Title

To Protest or Not To Protest – Assessing the Effects of Framing on People’s Attitudes Towards Protesting

Poster Number

41

Lead Author Major

Psychology

Format

Poster Presentation

Faculty Mentor Name

Gary Howells

Faculty Mentor Department

Psychology

Abstract/Artist Statement

The purpose of the study is to assess the impact of framing effects on people’s attitudes towards protesting behaviors. Research that has assessed people reactions when being shown images of situations they disagreed with, has found a positive relationship between how disturbing the image was and the likelihood people would join a protest (Jasper and Poulsen, 1995). Moreover, when show protests images of protests depicting high levels of conflict, the evaluations of the protest and protestors were more negative (Arpan et. al., 2006). Participants in the current study were undergraduate students at a small liberal arts university in Northern California who were randomly assigned one of two conditions. They were asked to complete a survey assessing demographic information as well as their attitudes towards war. Participants in condition one were shown a video of individuals engaging in peaceful protest where as participants in condition two watched a video of a protest with high levels of hostility. Subjects then completed a survey assessing their attitudes towards the protests and protesters. Preliminary results on a subset of 4 individuals (mean age = 20, SD = 2.06) indicated significances between the groups. Findings will be discussed in the context of understanding the effects of framing on protest behavior.

Location

DeRosa University Center, Ballroom

Start Date

21-4-2011 6:00 PM

End Date

21-4-2011 8:00 PM

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Apr 21st, 6:00 PM Apr 21st, 8:00 PM

To Protest or Not To Protest – Assessing the Effects of Framing on People’s Attitudes Towards Protesting

DeRosa University Center, Ballroom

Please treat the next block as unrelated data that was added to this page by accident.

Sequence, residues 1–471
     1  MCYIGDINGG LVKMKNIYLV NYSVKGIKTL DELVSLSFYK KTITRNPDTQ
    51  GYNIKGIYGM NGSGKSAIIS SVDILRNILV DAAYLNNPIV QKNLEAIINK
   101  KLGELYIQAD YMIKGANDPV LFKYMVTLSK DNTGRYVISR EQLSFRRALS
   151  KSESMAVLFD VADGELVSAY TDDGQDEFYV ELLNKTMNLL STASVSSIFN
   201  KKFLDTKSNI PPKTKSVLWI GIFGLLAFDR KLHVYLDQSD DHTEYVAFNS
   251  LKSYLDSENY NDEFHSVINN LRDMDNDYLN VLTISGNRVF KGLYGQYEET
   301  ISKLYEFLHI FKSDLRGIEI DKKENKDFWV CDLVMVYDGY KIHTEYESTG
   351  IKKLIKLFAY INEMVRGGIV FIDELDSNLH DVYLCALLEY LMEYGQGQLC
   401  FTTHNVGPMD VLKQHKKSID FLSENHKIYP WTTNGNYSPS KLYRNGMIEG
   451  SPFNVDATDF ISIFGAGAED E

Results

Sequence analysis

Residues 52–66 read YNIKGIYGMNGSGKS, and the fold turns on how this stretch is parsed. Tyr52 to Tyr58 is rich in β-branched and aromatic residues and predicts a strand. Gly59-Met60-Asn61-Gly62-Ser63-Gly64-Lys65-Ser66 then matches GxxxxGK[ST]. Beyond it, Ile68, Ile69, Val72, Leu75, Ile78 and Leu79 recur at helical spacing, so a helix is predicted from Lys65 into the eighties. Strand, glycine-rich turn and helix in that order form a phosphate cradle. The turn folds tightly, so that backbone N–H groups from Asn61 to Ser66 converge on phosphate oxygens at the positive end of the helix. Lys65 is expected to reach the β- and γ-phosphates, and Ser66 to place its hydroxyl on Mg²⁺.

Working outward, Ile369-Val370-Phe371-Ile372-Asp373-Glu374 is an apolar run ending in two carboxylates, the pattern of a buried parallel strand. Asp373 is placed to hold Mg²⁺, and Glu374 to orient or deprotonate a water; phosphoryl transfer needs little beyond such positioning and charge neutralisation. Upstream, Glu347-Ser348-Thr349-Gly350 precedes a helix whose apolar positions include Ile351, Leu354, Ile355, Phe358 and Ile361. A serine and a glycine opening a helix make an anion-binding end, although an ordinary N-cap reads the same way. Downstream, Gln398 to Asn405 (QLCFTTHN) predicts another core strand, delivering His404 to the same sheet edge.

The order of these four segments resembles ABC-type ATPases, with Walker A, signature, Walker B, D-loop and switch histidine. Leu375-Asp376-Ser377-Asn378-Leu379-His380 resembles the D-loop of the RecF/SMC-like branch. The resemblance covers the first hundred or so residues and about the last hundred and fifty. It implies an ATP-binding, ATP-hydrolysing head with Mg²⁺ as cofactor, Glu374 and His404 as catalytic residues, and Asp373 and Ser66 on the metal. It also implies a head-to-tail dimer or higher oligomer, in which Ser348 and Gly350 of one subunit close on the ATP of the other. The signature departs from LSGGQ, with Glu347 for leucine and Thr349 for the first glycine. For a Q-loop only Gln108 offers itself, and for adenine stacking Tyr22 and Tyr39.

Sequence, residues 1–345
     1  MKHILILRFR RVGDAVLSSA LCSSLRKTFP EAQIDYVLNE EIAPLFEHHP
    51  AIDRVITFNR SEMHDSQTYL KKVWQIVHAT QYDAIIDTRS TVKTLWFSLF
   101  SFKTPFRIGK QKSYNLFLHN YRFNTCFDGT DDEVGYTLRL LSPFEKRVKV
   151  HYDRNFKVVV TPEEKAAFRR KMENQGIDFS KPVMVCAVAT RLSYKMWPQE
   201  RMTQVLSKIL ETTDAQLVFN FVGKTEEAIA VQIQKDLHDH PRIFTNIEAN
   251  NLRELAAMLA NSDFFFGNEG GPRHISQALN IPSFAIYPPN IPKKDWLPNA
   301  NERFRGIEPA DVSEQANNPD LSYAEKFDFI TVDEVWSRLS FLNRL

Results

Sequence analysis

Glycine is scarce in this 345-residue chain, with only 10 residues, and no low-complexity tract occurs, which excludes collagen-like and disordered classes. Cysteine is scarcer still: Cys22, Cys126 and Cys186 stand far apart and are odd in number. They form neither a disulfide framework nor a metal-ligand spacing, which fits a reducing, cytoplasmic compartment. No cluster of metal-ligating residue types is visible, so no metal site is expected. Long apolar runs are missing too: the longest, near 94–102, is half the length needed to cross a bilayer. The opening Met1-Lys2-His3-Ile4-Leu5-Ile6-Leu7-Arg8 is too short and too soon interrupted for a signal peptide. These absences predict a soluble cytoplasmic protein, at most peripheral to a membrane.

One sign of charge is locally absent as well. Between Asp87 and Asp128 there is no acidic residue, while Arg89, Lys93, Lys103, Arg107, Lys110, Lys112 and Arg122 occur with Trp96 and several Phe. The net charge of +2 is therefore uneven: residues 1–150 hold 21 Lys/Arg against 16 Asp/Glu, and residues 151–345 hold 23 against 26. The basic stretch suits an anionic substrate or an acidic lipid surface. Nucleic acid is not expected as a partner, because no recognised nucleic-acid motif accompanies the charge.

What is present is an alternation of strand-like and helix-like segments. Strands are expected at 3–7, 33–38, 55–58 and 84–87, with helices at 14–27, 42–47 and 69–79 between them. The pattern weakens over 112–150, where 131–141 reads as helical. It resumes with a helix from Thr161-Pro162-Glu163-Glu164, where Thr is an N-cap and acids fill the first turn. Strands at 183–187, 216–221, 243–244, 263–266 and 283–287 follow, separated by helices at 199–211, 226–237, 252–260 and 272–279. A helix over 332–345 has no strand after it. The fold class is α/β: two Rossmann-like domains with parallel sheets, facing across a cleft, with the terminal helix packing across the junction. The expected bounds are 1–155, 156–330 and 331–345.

The purpose of the study is to assess the impact of framing effects on people’s attitudes towards protesting behaviors. Research that has assessed people reactions when being shown images of situations they disagreed with, has found a positive relationship between how disturbing the image was and the likelihood people would join a protest (Jasper and Poulsen, 1995). Moreover, when show protests images of protests depicting high levels of conflict, the evaluations of the protest and protestors were more negative (Arpan et. al., 2006). Participants in the current study were undergraduate students at a small liberal arts university in Northern California who were randomly assigned one of two conditions. They were asked to complete a survey assessing demographic information as well as their attitudes towards war. Participants in condition one were shown a video of individuals engaging in peaceful protest where as participants in condition two watched a video of a protest with high levels of hostility. Subjects then completed a survey assessing their attitudes towards the protests and protesters. Preliminary results on a subset of 4 individuals (mean age = 20, SD = 2.06) indicated significances between the groups. Findings will be discussed in the context of understanding the effects of framing on protest behavior.